Sophie Delaunay-Vagliasindi has Bachelor’s in Psychological Science from the Université Libre de Bruxelles, in Belgium. Passionate about children and development, she decided to do her Master’s in Developmental Psychology at the University of Kent, Canterbury, UK. Her studies taught her everything there is to know about the brain, different psychological disorders, and different treatments. Her area of interest is autism, and she learned a lot concerning autism’s symptoms, how to communicate with neurodivergent populations, and how to increase their inclusion.
Yet, having read Dr Campbell-McBride’s work during her first year as a student, she kept on waiting for the gut flora to be mentioned in her classes. That did not happen during her Bachelor’s. She then hoped it would during her Master’s in the UK, where the main subjects of the curriculum were autism, ADHD, dyslexia, and many more “GAPS disorders”. Sadly, mental health was never approached from a gut health perspective. Frustrated, she was intimately convinced that the gut-brain approach was something she needed to explore further. So, after she graduated and finished her dissertation on early symptoms of autism, she found the official GAPS training and studied to become a GAPS Coach.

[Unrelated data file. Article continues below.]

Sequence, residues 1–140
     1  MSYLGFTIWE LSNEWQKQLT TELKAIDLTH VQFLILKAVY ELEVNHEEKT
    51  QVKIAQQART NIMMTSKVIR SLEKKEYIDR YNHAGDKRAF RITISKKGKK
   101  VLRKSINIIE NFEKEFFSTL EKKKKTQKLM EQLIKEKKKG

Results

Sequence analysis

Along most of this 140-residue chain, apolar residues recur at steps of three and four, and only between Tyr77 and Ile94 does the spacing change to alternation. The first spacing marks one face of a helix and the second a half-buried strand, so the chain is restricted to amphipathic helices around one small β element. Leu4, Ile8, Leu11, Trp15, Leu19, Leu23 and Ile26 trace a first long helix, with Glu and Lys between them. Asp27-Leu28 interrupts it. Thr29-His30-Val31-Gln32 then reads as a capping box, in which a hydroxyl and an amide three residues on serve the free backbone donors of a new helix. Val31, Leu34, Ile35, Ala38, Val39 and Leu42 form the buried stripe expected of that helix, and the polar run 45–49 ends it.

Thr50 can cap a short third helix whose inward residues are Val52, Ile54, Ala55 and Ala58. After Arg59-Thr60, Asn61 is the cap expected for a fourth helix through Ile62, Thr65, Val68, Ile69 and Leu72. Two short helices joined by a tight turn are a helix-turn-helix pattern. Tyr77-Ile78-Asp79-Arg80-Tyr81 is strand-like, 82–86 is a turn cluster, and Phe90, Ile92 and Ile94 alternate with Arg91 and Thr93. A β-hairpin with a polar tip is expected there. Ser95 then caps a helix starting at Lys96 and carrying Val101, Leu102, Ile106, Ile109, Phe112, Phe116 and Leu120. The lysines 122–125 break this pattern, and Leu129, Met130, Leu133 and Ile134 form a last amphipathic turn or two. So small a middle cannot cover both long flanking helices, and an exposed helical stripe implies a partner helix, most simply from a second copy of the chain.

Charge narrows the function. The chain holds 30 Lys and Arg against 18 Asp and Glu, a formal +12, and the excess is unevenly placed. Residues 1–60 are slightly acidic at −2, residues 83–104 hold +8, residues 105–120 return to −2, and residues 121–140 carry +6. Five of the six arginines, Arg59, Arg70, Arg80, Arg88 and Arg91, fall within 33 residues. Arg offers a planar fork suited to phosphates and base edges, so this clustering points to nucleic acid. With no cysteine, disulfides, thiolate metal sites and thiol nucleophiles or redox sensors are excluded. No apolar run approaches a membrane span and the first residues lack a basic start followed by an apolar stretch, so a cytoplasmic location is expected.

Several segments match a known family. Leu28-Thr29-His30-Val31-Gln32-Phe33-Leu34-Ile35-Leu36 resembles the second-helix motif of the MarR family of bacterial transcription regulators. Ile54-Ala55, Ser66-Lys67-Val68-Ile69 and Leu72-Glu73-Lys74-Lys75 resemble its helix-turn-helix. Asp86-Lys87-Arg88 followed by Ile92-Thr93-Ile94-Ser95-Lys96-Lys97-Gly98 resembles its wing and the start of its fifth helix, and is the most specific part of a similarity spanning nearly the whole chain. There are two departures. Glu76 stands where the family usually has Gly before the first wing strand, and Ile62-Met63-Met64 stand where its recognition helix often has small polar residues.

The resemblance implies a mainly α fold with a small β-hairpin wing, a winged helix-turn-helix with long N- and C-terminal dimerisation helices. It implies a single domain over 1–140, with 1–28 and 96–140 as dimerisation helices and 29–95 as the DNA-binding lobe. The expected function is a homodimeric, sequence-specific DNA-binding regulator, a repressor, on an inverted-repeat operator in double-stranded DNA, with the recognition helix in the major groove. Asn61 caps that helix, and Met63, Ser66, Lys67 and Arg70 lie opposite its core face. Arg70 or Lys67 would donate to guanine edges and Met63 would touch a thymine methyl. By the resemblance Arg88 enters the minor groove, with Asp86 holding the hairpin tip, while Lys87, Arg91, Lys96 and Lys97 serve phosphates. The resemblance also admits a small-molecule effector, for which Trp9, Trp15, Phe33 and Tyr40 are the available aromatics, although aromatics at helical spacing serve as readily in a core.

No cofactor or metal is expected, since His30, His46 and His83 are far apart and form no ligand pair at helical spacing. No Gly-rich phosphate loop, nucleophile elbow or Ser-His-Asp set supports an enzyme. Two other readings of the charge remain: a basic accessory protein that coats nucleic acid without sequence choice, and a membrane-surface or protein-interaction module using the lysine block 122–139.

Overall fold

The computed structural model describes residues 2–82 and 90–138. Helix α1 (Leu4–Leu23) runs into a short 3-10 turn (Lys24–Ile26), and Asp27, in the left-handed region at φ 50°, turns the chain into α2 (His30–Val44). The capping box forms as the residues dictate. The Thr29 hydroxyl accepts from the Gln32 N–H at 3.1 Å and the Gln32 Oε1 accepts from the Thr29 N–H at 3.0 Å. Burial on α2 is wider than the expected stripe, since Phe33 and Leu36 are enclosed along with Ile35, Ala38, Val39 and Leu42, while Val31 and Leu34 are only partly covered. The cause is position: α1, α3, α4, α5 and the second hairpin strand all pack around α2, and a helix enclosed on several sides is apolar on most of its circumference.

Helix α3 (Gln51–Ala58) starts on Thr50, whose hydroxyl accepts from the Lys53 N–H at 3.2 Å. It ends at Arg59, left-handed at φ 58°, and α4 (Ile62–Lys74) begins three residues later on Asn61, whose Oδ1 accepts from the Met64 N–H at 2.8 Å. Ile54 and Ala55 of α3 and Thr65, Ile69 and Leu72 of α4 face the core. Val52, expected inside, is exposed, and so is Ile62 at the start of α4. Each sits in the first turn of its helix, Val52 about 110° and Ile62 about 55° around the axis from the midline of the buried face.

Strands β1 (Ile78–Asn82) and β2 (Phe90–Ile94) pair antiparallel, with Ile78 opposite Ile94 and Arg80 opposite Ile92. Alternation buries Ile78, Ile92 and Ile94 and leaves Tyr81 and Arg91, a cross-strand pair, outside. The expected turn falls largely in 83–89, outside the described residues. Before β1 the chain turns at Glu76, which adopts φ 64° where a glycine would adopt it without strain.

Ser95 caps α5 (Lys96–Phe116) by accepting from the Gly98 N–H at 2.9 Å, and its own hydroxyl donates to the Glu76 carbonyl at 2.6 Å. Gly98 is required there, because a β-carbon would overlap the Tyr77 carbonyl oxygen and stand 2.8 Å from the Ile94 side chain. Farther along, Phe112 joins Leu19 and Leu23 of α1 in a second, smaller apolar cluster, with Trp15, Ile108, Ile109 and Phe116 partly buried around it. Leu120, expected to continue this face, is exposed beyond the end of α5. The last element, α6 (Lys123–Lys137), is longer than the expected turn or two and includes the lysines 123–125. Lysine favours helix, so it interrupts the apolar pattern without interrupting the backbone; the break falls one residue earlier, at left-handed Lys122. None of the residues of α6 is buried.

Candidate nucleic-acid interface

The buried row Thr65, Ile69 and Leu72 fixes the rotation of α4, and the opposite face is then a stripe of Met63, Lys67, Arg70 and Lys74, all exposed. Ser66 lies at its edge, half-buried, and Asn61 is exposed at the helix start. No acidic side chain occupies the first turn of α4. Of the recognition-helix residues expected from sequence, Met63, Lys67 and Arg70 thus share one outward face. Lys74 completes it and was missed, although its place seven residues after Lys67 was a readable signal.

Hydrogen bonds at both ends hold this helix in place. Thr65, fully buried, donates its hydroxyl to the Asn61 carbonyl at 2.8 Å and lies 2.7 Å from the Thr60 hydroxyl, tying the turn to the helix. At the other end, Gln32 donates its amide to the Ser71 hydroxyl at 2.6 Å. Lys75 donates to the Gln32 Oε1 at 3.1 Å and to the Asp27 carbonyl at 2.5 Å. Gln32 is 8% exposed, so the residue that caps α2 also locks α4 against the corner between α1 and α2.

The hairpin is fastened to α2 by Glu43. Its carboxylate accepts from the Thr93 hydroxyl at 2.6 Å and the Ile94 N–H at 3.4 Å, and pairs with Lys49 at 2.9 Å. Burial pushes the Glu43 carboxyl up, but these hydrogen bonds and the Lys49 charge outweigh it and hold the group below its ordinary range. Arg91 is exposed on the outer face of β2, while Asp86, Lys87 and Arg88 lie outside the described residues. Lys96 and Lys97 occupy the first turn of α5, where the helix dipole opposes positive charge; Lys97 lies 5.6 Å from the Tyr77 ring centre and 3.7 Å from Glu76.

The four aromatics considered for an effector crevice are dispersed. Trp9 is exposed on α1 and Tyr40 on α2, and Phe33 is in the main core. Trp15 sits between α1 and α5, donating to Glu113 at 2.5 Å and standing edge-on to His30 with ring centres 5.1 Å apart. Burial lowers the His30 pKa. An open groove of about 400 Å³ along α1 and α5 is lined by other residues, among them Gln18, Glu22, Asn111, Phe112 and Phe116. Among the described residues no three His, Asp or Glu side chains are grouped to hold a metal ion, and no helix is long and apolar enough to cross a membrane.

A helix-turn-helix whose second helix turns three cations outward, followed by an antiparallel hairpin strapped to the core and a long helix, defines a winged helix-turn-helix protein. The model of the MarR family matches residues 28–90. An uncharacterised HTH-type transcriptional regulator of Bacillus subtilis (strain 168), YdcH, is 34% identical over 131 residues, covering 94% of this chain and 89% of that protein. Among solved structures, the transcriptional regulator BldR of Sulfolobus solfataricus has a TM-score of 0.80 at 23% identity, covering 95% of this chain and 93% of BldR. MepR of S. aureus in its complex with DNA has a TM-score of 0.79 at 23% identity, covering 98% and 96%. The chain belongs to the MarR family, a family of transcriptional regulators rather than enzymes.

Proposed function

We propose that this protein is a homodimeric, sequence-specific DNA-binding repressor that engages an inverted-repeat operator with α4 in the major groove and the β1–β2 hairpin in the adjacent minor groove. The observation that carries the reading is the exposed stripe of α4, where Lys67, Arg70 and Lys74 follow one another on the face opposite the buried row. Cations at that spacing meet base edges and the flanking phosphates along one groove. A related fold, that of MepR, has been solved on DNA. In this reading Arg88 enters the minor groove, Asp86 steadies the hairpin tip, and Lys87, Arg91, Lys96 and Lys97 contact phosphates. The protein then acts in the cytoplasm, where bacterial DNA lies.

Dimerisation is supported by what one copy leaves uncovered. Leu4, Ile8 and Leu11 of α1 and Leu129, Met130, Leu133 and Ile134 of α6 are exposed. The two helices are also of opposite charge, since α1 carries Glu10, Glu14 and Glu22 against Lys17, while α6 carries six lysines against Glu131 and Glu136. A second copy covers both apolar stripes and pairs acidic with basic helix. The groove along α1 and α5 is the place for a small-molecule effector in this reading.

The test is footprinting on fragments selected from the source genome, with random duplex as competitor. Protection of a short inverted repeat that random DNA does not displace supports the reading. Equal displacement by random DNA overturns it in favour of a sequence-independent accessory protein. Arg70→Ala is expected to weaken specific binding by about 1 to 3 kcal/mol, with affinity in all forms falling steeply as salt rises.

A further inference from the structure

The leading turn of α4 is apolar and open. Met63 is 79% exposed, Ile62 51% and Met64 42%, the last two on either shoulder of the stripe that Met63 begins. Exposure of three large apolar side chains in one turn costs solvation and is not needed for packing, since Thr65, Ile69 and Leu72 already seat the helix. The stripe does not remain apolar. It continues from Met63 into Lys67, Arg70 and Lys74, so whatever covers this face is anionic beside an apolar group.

However, this did not feel like enough. She wanted to be able to help families in changing their diets and heal, yes, but she also wanted more doctors and scientists to acknowledge that this protocol is scientific and include nutrition in their perspective of health. Nowadays, mainstream medicine and media tend to underestimate this type of approach, even though the foundations of such nutritional protocols have been accepted by the medical community for centuries. She wanted to do something about it, to have an impact. She reached out to the GAPS team, and they told her about the GAPS Science Foundation.
She is now honored to be part of the team, analyzing case studies, and turning them into academic papers. Research has always been a part of her studies that she enjoyed thoroughly. An opportunity such as working with the GAPS Science Foundation is exactly what Sophie wished for, as it combines her interest in research and her desire to empower holistic approaches such as GAPS. She is currently coaching, writing, and studying a second Master’s part-time to become a Clinical Psychologist. She aspires to become a holistic child and family psychotherapist who includes diet in her practice.